In Australia, investors have seen tame inflation, lower credit demand, and soft economic growth over the past few months. Still, the Australian dollar has remained firm, hurting exports across the board.
If that wasn’t enough we also saw weaker retail sales in the country along with brewing concerns over a housing bubble in the nation. In an attempt to alleviate the economy from these worries, the Reserve Bank of Australia slashed interest rates by 25 bps to a record low of 2.75%.
This is the first time that the interest rates have breached the 3% level in the country, and it comes as somewhat of a surprise as most were expecting no change from the central bank. As a result the rate cut has pushed down the Aussie dollar, as represented by the CurrencyShares Australian Dollar Trust ETF (FXA - Free Report) by roughly 0.7% (read: What's Next for Currency ETFs?).
Aussie Economy Outlook
Australia has enjoyed more than 20 years of continuous growth, though at a slower pace in recent years. The economy maintains a favorable balance of trade, strong per capita income (one of the highest in the world), low unemployment, low budget deficit and high levels of economic freedom.
The country has always been a commodity powerhouse and major exporter of commodities – base metals, coal and agricultural products. As a result, the falling commodity prices have gone a long way in hurting the Australian economy.
Also, adding to its woes is the generic slowdown and continuous decrease in industrial production in the world’s second largest economy and one of its largest trading partners — China.
Further, the country has been deeply lacking in one area, which is oil. However, a recent massive shale oil discovery could dramatically alter this scenario going forward (read: Australia ETFs to Play the Coming Shale Boom).
Australian Dollar ETF in Focus
The Australian Dollar ETF tracks the relative movement of the AUD relative to the USD. The funds in this product are denominated in AUD and kept in a bank account, and the interest thus received is used to pay for the expenses and fees of the fund.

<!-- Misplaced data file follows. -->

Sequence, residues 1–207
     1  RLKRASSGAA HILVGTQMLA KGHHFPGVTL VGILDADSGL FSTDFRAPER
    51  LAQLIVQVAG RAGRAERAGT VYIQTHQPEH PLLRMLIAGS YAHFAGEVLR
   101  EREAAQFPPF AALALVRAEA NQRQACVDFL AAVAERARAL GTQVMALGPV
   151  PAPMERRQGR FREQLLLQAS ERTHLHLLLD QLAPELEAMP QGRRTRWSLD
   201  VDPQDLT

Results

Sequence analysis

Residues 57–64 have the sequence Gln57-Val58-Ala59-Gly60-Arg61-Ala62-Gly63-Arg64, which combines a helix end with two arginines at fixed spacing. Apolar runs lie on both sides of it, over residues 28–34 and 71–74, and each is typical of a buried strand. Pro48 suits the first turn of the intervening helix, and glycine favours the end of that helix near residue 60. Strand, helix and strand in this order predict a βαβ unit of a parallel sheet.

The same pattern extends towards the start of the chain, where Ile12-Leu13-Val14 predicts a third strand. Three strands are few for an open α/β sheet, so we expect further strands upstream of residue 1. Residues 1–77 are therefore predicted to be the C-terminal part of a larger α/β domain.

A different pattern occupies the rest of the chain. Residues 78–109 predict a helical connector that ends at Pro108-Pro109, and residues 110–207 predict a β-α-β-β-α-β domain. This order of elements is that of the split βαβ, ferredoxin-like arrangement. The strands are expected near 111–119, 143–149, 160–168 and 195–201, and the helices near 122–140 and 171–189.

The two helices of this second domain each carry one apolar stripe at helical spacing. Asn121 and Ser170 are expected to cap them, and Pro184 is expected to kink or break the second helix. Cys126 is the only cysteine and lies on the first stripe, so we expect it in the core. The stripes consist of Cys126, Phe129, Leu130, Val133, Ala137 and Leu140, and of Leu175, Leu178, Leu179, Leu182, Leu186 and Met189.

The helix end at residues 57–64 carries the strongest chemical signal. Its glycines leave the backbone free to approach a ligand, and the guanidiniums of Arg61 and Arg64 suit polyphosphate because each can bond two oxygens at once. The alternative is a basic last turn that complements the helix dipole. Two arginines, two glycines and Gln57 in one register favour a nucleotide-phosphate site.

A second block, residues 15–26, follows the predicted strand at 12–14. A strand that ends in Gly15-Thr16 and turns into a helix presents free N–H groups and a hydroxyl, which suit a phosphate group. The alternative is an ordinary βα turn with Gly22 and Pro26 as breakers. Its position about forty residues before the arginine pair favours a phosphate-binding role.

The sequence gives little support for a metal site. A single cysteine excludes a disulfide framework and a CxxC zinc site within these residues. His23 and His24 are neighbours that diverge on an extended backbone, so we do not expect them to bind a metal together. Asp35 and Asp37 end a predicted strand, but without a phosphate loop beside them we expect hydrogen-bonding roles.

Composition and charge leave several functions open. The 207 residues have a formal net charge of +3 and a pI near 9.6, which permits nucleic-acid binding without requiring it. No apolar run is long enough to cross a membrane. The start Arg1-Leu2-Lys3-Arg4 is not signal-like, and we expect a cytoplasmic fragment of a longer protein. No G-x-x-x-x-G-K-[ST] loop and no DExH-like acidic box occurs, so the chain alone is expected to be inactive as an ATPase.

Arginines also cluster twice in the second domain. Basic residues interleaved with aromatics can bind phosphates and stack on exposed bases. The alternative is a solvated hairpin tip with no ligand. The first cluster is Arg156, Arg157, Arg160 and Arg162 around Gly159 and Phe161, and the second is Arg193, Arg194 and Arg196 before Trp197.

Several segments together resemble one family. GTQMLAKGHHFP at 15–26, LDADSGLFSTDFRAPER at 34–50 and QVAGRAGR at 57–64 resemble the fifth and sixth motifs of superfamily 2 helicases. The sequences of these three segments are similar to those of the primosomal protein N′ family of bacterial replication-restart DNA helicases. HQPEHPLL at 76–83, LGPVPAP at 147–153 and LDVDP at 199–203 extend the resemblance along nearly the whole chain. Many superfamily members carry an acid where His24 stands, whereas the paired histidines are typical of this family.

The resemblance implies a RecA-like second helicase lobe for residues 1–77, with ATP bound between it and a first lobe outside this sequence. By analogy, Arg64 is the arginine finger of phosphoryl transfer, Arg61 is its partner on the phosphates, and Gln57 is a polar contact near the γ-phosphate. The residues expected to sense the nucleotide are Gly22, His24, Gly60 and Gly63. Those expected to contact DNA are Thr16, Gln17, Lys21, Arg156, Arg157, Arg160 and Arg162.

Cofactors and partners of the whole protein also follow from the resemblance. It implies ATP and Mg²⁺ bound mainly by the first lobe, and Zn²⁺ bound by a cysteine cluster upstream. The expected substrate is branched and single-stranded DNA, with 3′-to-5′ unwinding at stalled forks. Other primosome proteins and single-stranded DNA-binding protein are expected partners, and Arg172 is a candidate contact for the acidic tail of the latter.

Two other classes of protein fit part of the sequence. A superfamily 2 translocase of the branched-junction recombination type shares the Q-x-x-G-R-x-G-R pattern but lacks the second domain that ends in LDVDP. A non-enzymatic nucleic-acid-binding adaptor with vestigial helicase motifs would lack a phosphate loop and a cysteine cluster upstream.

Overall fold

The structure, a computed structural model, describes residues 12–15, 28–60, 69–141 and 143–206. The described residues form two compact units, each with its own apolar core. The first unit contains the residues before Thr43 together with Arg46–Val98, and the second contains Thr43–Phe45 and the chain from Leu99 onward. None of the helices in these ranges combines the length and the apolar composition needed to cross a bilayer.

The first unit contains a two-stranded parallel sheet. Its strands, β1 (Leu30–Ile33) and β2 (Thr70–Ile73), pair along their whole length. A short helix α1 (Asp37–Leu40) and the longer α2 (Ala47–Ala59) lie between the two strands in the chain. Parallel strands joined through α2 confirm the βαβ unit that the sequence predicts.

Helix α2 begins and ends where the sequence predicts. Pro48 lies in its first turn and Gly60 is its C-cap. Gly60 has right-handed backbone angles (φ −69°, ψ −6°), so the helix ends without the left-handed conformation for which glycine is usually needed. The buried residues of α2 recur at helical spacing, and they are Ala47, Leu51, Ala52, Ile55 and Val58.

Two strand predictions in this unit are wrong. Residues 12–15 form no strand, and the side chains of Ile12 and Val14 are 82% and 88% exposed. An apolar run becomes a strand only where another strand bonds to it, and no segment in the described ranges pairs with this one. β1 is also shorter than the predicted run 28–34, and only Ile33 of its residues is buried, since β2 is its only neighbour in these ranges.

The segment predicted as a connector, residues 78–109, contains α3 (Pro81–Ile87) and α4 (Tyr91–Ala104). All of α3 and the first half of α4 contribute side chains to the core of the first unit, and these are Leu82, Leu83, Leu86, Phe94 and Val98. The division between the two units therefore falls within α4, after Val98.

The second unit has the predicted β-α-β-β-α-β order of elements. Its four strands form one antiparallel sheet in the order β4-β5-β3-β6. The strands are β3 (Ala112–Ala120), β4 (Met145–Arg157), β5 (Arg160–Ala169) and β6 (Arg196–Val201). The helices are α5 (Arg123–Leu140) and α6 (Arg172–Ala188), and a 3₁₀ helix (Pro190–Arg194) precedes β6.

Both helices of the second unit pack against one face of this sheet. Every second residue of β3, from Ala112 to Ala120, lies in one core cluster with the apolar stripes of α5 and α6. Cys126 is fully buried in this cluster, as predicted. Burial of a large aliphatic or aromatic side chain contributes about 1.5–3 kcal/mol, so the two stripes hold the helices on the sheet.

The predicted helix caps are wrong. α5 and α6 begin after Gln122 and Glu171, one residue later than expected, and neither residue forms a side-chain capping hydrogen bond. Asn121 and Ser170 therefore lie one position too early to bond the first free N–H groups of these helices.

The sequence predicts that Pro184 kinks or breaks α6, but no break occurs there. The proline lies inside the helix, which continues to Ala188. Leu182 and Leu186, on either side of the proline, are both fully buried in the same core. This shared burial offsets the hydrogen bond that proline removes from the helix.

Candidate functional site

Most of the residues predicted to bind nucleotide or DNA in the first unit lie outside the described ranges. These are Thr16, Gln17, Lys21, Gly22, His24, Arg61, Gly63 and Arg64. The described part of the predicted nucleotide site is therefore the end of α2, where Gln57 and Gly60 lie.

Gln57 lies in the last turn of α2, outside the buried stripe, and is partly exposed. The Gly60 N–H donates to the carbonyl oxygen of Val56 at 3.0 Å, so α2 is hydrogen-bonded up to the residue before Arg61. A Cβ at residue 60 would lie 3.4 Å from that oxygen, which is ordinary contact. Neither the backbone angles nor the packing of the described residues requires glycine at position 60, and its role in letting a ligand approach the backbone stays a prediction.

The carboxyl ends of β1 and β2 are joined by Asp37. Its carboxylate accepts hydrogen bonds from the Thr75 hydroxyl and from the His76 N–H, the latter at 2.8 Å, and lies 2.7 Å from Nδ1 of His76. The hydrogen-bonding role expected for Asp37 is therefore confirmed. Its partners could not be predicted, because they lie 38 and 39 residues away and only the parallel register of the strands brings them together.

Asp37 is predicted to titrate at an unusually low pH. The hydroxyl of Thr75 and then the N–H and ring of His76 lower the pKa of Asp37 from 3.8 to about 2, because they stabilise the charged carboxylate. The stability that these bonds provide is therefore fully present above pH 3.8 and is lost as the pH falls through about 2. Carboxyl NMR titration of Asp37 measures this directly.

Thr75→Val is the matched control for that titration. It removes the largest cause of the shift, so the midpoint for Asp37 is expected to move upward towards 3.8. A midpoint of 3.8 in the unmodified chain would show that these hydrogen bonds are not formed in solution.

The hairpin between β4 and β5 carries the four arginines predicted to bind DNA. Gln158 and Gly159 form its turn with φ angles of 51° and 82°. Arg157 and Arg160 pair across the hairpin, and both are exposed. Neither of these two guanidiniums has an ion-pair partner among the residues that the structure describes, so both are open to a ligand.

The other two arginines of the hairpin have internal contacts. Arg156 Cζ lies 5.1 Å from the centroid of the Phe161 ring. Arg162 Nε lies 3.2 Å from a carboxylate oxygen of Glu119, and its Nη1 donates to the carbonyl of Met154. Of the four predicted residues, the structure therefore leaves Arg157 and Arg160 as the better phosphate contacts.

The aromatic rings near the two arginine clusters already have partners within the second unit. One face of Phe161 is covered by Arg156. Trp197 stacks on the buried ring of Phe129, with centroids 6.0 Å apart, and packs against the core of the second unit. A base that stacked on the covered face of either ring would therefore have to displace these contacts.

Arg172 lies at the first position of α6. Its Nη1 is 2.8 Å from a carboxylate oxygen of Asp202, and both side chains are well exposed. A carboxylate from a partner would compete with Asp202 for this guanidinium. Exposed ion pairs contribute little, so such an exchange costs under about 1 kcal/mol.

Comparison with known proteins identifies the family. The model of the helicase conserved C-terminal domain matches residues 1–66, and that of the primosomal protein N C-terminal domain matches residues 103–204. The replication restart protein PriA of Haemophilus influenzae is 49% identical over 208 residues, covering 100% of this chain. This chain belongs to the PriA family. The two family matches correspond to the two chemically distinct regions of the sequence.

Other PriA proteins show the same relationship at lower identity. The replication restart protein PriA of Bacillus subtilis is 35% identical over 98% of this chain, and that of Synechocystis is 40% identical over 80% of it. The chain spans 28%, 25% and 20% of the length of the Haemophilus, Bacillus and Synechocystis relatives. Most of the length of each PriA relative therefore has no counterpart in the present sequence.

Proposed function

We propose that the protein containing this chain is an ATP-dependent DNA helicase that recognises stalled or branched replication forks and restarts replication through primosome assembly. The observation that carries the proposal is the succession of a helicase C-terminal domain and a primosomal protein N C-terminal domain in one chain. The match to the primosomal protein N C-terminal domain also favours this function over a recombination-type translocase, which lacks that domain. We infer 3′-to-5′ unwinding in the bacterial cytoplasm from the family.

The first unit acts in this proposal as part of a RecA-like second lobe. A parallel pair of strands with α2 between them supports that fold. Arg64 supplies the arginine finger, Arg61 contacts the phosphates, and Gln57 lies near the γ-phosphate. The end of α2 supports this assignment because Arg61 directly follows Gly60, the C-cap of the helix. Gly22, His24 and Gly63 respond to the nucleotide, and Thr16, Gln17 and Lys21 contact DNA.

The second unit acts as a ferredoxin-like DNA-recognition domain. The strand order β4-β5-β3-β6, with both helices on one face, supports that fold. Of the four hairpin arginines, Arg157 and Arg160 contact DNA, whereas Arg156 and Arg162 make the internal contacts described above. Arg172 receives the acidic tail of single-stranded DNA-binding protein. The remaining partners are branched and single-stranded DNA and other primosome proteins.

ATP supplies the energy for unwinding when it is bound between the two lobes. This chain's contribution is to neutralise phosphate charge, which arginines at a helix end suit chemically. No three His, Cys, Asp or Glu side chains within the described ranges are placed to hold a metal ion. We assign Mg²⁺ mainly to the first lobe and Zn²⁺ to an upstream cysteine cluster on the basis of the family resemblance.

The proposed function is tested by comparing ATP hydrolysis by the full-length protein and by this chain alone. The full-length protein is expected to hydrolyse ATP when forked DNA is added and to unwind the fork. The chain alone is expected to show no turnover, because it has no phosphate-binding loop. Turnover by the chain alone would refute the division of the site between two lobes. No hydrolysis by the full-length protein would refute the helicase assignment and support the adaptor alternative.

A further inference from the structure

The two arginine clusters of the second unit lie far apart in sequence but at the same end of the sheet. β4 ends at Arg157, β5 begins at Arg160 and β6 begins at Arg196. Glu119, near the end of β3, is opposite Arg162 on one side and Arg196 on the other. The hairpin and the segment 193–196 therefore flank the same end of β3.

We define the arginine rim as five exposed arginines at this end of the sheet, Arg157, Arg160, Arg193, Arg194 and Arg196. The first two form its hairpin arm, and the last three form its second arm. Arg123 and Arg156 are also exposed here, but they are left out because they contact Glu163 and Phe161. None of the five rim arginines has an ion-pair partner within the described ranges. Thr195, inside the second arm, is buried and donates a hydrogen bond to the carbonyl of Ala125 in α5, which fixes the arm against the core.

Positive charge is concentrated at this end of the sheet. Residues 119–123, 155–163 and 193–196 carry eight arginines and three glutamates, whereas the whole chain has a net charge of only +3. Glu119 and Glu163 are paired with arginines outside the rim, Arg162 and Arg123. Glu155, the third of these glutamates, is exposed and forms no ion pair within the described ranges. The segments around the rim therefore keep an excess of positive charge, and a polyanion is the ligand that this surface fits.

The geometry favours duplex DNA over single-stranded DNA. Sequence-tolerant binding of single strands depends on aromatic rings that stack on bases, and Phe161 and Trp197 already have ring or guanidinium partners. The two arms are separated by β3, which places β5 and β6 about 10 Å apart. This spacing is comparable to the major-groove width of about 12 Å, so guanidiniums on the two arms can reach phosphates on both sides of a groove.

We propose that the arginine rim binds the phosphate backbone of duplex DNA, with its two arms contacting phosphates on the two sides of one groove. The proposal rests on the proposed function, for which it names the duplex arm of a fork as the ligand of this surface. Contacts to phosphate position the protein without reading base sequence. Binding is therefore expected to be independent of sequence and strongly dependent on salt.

The fund looks to generate returns through the bank interest and any capital appreciation that may occur on account of AUD appreciating versus the USD.
The ETF has amassed $551.6 million in its asset base since its introduction in June 2006 and yields a decent 1.71% in annual dividends. FXA has lost 1.56% in the year-to-date time frame though, with more short-term losses possibly after the slide (read: Time to Buy the Australian Dollar ETF?).
Still, we believe the longer term outlook is relatively bright for this ETF as we currently have a Zacks ETF Rank of 2 or ‘Buy’ on FXA going forward. The product remains one of the best options for investing in the space, charging just 40 bps in fees and possessing a relatively high average trading volume as well.
So for investors who believe in the Aussie economy’s resilience now might be an interesting time to consider FXA. The product has been beaten down over the past few weeks, but it could rise back up soon as carry trade investors seek the haven that is the Aussie dollar, especially when compared to the yen.
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